University of Wisconsin–Madison

Is a Nurse Residency Program Right for You?

Research shows that nurse residency programs improve nurse retention, lower costs and improve nurse preparedness for safe and competent practice. Traditionally available only in acute care settings, Geri-Res offers the same benefits to long-term care organizations with a residency tailored specifically to nursing in the long term care practice environment. Geri-Res curriculum is appropriate for new nursing school graduates as well as experienced nurses new to long term care.

Your Long-Term Care Nursing Workforce Solution – Easy to Implement, Easy to Access

Geri-Res is turnkey, giving you everything you need to implement a world-class geriatric care nurse residency program. Two program components, Clinical Coach and RN Resident, leverage a mentor/mentee model to create the best learning environment for new nurse success. The Clinical Coach prepares for a mentor role by going through six learning modules. The RN Resident goes through sixteen learning modules, one a week for sixteen weeks. Each module takes about 1 hour, and is paired with exercises, quizzes, and time with the Nurse Coach. The online format means curriculum modules can be accessed anywhere, anytime.

GERI-Res Curriculum

  • GERI-Res RN Resident Course Modules

    Module 1: Intro to Long Term Care
    Module Objectives:

    • Identify signs of general decline in residents approaching end of life;
    • Utilize the FAST tool to assess and document a resident’s stage of dementia;
    • Implement non-pharmacological and pharmacological interventions for symptoms of discomfort;
    • Communicate effectively with residents, families, and other professionals at resident end of life and ease the end-of-life processes for the resident; and
    • Differentiate among types of advance directives.


    Module 2: Resident Quality of Life
    Module Objectives:

    • Describe the legal and personal rights of the resident;
    • Define the multiple components of resident quality of life;
    • Summarize how care practices can interfere with resident quality of life; and
    • Discuss how to implement practices that support resident quality of life.


    Module 3: Communicating with the Team
    Module Objectives:

    • Describe why effective communication in LTC nursing is vital;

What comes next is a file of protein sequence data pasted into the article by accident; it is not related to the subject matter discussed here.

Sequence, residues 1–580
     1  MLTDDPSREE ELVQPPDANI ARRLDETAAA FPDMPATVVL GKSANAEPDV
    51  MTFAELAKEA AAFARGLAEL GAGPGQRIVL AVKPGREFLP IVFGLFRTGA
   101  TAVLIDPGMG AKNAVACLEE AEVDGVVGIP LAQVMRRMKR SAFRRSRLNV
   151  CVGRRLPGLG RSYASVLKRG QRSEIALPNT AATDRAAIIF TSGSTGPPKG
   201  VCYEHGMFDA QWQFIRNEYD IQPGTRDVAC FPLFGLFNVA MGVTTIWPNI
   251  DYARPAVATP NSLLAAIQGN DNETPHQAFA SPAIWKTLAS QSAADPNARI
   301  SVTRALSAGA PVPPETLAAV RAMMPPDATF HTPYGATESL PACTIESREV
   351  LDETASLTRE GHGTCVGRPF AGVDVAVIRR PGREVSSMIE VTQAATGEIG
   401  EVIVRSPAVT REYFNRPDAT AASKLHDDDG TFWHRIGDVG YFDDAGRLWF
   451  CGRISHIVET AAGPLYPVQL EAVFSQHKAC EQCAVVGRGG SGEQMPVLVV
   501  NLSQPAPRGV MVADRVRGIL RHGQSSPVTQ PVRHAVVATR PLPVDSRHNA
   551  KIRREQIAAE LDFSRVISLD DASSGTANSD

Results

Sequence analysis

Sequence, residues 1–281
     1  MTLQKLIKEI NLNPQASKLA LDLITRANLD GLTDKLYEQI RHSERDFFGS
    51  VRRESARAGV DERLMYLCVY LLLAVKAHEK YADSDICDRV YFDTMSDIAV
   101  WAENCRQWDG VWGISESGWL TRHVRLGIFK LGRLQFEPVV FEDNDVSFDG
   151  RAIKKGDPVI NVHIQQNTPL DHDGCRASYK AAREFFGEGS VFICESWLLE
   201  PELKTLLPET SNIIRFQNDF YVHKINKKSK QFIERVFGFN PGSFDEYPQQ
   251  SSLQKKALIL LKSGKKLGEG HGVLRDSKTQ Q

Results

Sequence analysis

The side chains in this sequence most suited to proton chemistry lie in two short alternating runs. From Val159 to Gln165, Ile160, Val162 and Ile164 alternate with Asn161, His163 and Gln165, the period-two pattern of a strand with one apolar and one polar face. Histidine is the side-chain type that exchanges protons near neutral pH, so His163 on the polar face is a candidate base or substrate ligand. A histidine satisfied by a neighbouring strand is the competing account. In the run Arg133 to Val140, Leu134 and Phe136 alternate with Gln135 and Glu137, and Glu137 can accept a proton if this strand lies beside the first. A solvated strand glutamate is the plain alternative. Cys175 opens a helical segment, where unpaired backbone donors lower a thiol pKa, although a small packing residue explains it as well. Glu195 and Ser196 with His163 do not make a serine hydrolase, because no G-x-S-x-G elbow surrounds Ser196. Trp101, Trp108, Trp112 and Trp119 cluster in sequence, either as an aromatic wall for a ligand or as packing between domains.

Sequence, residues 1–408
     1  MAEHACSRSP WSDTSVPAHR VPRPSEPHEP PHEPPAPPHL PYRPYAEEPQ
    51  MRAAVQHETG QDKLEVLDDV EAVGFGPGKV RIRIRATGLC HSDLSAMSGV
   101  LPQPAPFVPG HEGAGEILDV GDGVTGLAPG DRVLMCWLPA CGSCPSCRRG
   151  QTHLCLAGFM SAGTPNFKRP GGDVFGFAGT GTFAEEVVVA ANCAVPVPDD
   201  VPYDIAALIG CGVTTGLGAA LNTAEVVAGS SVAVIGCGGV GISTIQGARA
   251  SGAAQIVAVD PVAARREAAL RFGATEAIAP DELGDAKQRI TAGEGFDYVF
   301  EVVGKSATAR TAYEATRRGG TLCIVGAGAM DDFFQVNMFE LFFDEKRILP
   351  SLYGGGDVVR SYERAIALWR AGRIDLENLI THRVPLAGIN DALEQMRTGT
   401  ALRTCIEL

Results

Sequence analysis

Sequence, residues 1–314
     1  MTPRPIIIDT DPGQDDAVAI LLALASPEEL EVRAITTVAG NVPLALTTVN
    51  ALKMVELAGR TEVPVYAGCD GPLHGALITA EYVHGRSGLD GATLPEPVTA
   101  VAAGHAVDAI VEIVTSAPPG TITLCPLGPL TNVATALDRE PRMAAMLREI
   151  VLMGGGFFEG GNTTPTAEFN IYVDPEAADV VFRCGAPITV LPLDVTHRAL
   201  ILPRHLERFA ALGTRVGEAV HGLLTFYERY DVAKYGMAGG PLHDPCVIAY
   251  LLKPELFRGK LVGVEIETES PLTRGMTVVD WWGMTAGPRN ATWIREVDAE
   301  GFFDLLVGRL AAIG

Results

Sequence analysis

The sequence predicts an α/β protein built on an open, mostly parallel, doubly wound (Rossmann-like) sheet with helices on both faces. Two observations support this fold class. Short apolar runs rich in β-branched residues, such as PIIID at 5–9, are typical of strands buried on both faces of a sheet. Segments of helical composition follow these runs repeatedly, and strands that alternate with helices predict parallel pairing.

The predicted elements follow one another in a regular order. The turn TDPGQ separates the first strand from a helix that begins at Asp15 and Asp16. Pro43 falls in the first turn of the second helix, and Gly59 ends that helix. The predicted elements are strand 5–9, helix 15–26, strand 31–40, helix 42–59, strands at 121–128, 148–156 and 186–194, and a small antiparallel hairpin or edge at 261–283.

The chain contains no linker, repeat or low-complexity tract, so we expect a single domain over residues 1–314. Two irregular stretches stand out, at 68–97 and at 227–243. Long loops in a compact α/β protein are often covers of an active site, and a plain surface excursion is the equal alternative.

• Identify communication skills and tools to use with CNAs and other health care providers to improve teamwork and care quality; and
    • Use communication skills to collaborate effectively with colleagues.


    Module 4: Communicating with Families
    Module Objectives:

    • Hear and appreciate what family members say without becoming defensive;
    • Understand where some family conflicts and concerns originate and how families evaluate quality of care;
    • Identify several strategies to overcome barriers and develop positive, collaborative relationships with family members;
    • Understand how families evaluate the quality of care;
    • Describe some of the areas in which both family and staff describe themselves to be primarily responsible;
    • Advocate for family members and residents where appropriate; and
    • Support family members in areas of concern.


    Module 5: Cultural Diversity
    Module Objectives:

    • Have a better understanding of how life course and culture shape experiences and circumstances throughout one’s life.
    • Be able to identify how culture and history influence a person’s perspective and experience.
    • Have increased awareness of how personal experiences and circumstances influence work and life within LTC settings.
    • Know how to apply the principles of person-centered care to engage staff and residents in supporting a culturally competent environment. This includes ways of:
      • Getting to know resident and staff preferences, customs, and beliefs;
      • Empowering residents and staff;
      • Building mutual respect; and
      • Building and supporting teams.


    Module 6: Sensory Changes
    Module Objectives:

    • Describe normal age-related changes in vision, hearing, taste, smell, and peripheral sensation experienced as a result of the aging process;
    • Identify factors that can lead to excess disability; and
    • Select interventions to assist with sensory challenges


    Module 7: Skin Health
    Module Objectives:

    • Articulate normal versus abnormal variations is skin health in older adults;
    • Care for aging skin;
    • Understand the effective systems and strategies for monitoring skin health in the nursing home setting;
    • Describe evidence-based approaches to treating common skin abnormalities; and
    • List situations where referral to a skin and/or wound specialist is indicated.


    Module 8: Pharmacological Considerations
    Module Objectives:

    • Describe how age-related physiologic changes and pathologies common in older adults impact medication absorption, distribution, metabolism, and excretion;
    • Identify risk factors for Adverse Drug Events (ADEs) in older adults;
    • Explain how polypharmacology impacts risk for adverse effects;
    • Recognize medications that are potentially harmful for older adults; and
    • Implement strategies to enhance the safety and efficacy of pharmacologic therapy for older adults.


    Module 9: Geriatric Nutrition
    Module Objectives:

    • List three physical signs of malnutrition and when to refer to a registered dietitian (RD);
    • Name two risk factors for dehydration in frail older adults;
    • Identify signs and symptoms of chewing and swallowing difficulty, when to refer to other professionals, and how to identify appropriate interventions;
    • List goals of diabetes management for older adults in LTC settings; and
    • Describe the changes in appetite during the dying process.


    Module 10: End of Life Care
    Module Objectives:

    • Identify signs of general decline in residents approaching end of life;
    • Utilize the FAST tool to assess and document a resident’s stage of dementia;